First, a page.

By the end of the year, Malaysia will begin enforcing its new Wildlife Conservation Act 2010 including stiffer penalties for poaching and other wildlife-related crimes, such as first time punishments for wildlife cruelty and zoos that operate without license.
Dr. William Schaedla, the director of the wildlife-trade monitoring group TRAFFIC Southeast Asia, told mongabay.com that “the new law represents the first major revamp of the national wildlife law in over 30 years.” The bill will replace the Wildlife Protection Act of 1972.
To better combat ongoing poaching problems in the Southeast Asian country, penalties have been boosted: killing a Sumatran rhino, a Malay tiger, a clouded leopard, or any protected wildlife will now bring a maximum fine of RM 100,000 (31,000 US dollars) and five years in jail or both if they are female or young. The maximum fine drops to RM 50,000 (15,500 US dollars) for male animals. In addition, for the first time setting snares, hunting, or keeping certain species captive—such as rhinos and tigers—comes with mandatory jail time.
A Bornean rhino, a subspecies of the Sumatran rhino, in captivity in Borneo. Researchers believe there are only some 250 Sumatran rhinos left. Photo by: Jeremy Hance.
“There are areas where the law could be much better organized and tightened, but as it stands, this bill is a vast improvement on the existing law,” says Schaedla. “This is because it shows greater recognition of current threats facing wildlife and addresses problems that have plagued enforcement agencies trying to protect wildlife.”
For example, the bill also expands protection to more species, including the Asian elephant. Before this new bill, the elephant was considered by Malaysian law as a ‘game animal’.
According to the IUCN Red List the Sumatran rhino is Critically Endangered, while the Malay tiger and the Asian elephant are listed as Endangered. These three species are most threatened by poaching, although habitat loss has played a large role in both their historic and ongoing declines. The two clouded leopard species, only recently split into two by taxonomists, are both considered Vulnerable. Although less a poaching target than the other species, clouded leopards are still killed for their coats.
Schaedla says that the success of the new bill in protecting these species will largely depend on implementation. Many countries have stiff penalties for poaching and strong wildlife laws, but fail to catch poachers or punish them with much more than a slap on the wrist.
“How well the new penalties work will depend entirely on how successful enforcement agencies are in bringing poachers and other wrongdoers to justice,” Schaedla explains. “The judiciary system must treat wildlife offences as a criminal offence. Offenders must be held liable and be prosecuted to the full extent of the law. For endangered species to be protected, it must be made clear that poaching does not pay.”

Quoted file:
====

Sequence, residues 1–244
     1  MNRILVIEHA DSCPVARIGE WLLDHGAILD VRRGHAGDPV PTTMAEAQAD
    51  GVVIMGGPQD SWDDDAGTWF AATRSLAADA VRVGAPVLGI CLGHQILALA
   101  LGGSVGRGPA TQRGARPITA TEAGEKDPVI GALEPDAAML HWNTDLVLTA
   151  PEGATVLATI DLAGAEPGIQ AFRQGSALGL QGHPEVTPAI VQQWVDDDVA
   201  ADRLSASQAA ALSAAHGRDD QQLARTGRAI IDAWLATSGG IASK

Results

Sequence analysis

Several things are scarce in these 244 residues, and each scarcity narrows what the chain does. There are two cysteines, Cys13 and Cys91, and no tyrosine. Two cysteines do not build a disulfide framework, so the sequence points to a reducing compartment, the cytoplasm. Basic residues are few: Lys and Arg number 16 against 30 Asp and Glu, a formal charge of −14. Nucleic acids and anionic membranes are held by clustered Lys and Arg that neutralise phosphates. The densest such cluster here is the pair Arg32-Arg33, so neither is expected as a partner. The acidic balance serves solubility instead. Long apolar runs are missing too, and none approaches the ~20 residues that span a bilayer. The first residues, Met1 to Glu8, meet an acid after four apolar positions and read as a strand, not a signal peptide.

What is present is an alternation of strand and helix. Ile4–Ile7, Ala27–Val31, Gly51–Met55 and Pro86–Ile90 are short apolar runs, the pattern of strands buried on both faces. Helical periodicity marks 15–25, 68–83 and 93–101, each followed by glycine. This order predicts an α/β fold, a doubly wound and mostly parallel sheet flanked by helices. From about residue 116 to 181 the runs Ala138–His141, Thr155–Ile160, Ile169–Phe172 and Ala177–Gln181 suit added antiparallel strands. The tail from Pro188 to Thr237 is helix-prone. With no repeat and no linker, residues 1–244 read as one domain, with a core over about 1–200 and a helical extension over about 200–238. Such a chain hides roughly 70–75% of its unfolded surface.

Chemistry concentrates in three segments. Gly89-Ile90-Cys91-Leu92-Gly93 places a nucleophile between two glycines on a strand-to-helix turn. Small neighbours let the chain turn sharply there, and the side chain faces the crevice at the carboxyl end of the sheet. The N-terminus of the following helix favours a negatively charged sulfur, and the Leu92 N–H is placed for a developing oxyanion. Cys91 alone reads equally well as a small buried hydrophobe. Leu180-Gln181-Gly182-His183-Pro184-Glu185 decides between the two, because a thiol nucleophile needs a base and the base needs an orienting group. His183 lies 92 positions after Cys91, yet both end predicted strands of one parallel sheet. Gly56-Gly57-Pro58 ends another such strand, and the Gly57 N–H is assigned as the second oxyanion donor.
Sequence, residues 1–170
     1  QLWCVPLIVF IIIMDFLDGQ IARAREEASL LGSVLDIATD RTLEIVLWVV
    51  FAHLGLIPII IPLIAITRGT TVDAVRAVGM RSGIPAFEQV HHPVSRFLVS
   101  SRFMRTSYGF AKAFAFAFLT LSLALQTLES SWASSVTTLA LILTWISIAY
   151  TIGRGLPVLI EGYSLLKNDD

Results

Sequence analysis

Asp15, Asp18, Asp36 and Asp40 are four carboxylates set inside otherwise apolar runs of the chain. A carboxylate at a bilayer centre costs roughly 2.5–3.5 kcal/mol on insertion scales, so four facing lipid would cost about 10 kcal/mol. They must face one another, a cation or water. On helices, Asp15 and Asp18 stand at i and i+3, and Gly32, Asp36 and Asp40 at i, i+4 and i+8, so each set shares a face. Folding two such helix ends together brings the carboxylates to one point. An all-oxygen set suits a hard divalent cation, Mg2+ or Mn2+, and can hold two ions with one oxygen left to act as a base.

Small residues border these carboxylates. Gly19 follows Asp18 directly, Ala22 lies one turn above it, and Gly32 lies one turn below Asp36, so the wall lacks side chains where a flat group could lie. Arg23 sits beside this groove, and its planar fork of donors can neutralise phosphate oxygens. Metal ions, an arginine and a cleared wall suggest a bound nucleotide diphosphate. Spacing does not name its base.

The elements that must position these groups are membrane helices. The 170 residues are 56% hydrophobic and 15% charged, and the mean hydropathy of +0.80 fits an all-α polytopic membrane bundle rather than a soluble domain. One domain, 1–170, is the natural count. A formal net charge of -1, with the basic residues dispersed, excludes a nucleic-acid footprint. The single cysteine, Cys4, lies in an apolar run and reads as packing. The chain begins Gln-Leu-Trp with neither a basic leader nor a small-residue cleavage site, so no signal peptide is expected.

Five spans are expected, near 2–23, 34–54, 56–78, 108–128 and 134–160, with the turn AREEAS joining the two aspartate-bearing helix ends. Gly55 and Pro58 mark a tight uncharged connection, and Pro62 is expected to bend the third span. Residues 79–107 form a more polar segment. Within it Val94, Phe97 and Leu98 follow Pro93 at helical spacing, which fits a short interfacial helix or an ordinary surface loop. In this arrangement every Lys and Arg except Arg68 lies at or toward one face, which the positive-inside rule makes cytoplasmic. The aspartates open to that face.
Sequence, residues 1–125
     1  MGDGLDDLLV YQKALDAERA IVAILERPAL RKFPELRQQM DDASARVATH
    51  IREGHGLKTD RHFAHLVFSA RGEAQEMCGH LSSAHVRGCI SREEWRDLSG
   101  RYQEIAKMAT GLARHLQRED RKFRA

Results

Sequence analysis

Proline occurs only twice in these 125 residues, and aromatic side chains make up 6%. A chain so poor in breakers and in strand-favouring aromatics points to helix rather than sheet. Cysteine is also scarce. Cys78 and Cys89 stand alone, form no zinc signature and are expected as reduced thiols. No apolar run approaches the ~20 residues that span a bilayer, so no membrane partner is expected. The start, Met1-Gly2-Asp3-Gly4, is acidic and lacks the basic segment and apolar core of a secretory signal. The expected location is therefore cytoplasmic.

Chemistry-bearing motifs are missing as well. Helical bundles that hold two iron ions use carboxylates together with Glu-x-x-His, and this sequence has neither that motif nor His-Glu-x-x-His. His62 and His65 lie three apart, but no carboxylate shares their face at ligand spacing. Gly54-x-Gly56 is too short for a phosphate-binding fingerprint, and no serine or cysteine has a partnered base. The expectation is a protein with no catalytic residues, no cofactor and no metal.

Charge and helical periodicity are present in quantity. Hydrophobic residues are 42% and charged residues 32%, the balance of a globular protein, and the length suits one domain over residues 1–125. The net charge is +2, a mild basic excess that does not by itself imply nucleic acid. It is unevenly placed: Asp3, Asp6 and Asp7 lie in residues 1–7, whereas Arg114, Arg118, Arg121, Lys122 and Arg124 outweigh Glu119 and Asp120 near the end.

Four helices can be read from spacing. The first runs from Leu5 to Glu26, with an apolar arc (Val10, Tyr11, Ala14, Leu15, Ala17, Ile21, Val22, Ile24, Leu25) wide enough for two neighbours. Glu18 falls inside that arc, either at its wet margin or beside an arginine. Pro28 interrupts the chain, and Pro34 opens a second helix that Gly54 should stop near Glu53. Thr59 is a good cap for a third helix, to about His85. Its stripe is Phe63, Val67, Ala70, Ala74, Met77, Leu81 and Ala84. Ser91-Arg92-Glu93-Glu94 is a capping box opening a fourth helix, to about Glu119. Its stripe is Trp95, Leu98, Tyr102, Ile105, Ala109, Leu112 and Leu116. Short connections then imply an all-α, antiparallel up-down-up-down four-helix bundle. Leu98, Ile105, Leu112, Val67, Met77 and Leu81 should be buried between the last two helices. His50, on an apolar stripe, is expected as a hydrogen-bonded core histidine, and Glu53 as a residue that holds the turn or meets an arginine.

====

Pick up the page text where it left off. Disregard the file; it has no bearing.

Schaedla also says that more needs to be done to infiltrate poaching networks: “[Malaysia] should invest more in intelligence led investigations for more effective enforcement. […] More checks at known hotspots throughout the country, at sites that are known to be used as entry-exit points for smuggling wildlife, is needed. To do this, all enforcement agencies—police, customs, army—must work together.”
Given that it has taken over thirty years for a new wildlife bill, Shaedla adds that the government should look more frequently at its wildlife trade laws to deal with new situations as they arise.
TRAFFIC is a conservation organization devoted to monitoring the global wildlife trade, encouraging sustainability, and ending illegal trade in species or species’ parts.
(02/02/2010) U.S. Global Exotics, an exotic pet dealer accused of animal cruelty and linked with a notorious wildlife smuggler based in Malaysia, will not be getting back of the 26,000 animals seized from their facility during a raid on December 15th, reports the Star-Telegram.
(12/01/2009) Nothing can really prepare a person for coming face-to-face with what may be the last of a species. I had known for a week that I would be fortunate enough to meet Tam. I’d heard stories of his gentle demeanor, discussed his current situation with experts, and read everything I could find about this surprising individual. But still, walking up to the pen where Tam stood contentedly pulling leaves from the hands of a local ranger, hearing him snort and whistle, watching as he rattled the bars with his blunted horn, I felt like I was walking into a place I wasn’t meant to be. As though I was treading on his, Tam’s space: entering into a cool deep forest where mud wallows and shadows still linger. This was Tam’s world; or at least it should be.
(10/29/2009) Rescued in early October from a poacher’s snare, a Malayan tiger has died from stress and infection due to its injuries. The 120 kilogram (264 pound) male tiger died on October 19th in the Malacca Zoo after undergoing surgery to amputate its right foreleg, which two weeks before had been caught in a poacher’s snare and severely injured. “It broke my heart as I was there during the rescue. Everyone had such high hopes of the tiger being released back into the wild after its treatment at the zoo, and no one spoke of the in-betweens,” says Reuben Clements.